Anchorage, Homer and the Kenai Peninsula

Photo by Kim Grant

Anchorage, Homer and the Kenai Peninsula Itineraries

Homer and the Kenai Peninsula: A Classic Week

Homer Rolls Out the Funky Red Carpet

Whet your appetite for repeat visits to the Alaska of your dreams

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Anchorage, Homer and the Kenai Peninsula are easily accessible and on most itineraries to Alaska. The great thing about Anchorage, goes a common joke up north, is that it’s so close to Alaska. The great thing about this joke is that it’s true. Alaska’s largest city is indeed very close to everything travelers seek in the state—towering mountains, sparkling waters, wildlife and wilderness, limitless recreation. Not only is all this available close to Anchorage, it is actually inside the city, whose borough boundaries encompass 1,961 square miles, an area comparable to Rhode Island. Inside those municipal limits lie a half-million acres of wilderness, bestriding the Chugach Mountains that are the city’s eastern backdrop.


Surrounded by nature, Anchorage’s 300,000 residents are devoted to the outdoors—hiking, paddle sports, skiing, biking (summer or winter), fishing, hunting, and numerous iterations combining the above. Anyone for surfboard hunting? The foundation of this lifestyle is the city’s 160+ miles of dedicated off-street recreation trail, a network easily available to visitors from its downtown beginnings.

It’s entirely possible to enjoy a sumptuous breakfast of crab omelettes and sourdough bread, then rent a bike a block away and head out for an all-day ride along Cook Inlet that offers full-on views of Denali’s 20,320-foot summit. You can catch a salmon in downtown Anchorage’s Ship Creek. Stay more than a day and you are virtually certain to see a moose—in Anchorage. There’s a major ski resort, Alyeska, within the city limits, in the Girdwood area. Bears, eagles, beluga whales, lynx and even wolves are occasional visitors.

Completely Cosmopolitan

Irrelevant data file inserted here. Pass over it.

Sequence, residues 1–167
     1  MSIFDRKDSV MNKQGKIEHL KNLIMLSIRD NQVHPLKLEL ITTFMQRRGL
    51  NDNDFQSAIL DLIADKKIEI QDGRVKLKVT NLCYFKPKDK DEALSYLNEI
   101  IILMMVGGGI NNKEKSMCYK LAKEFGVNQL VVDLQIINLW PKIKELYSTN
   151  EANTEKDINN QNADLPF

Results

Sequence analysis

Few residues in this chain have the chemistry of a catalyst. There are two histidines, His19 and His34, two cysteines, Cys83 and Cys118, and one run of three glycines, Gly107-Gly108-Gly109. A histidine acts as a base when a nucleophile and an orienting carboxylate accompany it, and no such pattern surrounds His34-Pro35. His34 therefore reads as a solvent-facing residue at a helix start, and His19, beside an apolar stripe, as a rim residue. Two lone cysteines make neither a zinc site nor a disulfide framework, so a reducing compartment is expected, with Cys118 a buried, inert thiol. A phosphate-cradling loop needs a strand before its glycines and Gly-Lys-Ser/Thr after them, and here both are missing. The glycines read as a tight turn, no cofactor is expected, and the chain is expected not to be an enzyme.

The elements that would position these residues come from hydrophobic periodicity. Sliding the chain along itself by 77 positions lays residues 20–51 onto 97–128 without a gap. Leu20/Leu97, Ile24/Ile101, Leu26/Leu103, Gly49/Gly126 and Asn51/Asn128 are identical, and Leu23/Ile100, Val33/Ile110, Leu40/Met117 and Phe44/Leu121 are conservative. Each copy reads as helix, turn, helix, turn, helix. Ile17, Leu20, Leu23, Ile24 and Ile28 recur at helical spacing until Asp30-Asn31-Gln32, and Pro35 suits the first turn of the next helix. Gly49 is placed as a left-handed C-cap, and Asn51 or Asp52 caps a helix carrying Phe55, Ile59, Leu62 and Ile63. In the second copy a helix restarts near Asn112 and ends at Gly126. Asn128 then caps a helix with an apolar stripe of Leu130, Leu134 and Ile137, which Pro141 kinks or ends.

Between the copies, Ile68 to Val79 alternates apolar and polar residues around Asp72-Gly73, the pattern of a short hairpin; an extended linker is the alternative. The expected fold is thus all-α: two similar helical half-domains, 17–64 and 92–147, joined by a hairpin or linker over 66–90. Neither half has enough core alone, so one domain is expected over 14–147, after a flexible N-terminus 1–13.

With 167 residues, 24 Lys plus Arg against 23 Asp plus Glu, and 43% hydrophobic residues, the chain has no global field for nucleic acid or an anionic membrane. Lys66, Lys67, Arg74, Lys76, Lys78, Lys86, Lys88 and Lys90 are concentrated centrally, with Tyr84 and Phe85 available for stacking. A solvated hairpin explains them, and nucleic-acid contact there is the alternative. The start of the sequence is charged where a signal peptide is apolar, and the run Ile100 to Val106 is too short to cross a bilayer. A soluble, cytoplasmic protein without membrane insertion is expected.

Yet all this natural abundance is marvelously leavened by cosmopolitan delights that include fine-dining restaurants offering gourmet Alaska Regional Cuisine (yes, that is a real thing, and it’s far more than salmon, halibut and crab) as well as great brewpubs and pizza parlors. The glistening post-modern Anchorage Museum holds a mesmerizing exhibit of priceless Smithsonian artifacts depicting Native cultures of the North. The city’s coffee culture may be the world’s most fervent, with countless espresso stands and several fine homegrown purveyors. An excellent small zoo focuses on animals of the North, and the Native Heritage Cultural Center provides a colorful introduction to Alaska’s thriving indigenous peoples.

Visitors can enjoy all this without any need to rent a car. What is needful is ample planning, as the city fills with  travelers each summer starting or concluding an Alaska cruise. That fact, and the rhythms of the Alaska climate, make March and May the best months to visit. That’s not what most people would expect, but neither is Anchorage.

Homer and the Kenai Peninsula

The small communities south of Anchorage have much in the way of character to entice visitors. Homer, at the very end of the road south of Anchorage, is a stubbornly independent colony of artists, poets, fishermen and other iconoclasts that enjoys an awesome setting at the entrance to Kachemak Bay. Kenai, near the mouth of its namesake river, is one of North America’s best-known fishing destinations. Seward, three hours south of Anchorage, is the entrance to Resurrection Bay, Kenai Fjords National Park, and the home of the SeaLife Center.

All these destinations are set in scenic circumstances that include sparkling waters, snowy peaks, spice-scented forests and abundant wildlife. Accommodations range from deluxe wilderness lodges to chunky hostels, and dining is centered on seafood morning, noon and night. While a lot of South-central is on what Alaskans call “the road system,” to really experience the region you’ll need to board a boat or a floatplane.

But day-trippers will find a wealth of sights too. You can head here and in one day hike on a glacier; catch salmon; see whales, eagles and more; and visit a memorable aquarium born of tragedy. The SeaLife Center’s most famous resident was a huge Steller sea lion named Woody, a very self-aware individual who put on a show for visitors, especially kids. Though Woody died (of old age) last fall, he left behind two young pups who may continue his legacy, which is to represent a compelling region in a spectacular landscape.

Get started with these itineraries while we create others:

Homer Rolls Out the Funky Red Carpet

Homer and the Kenai Peninsula


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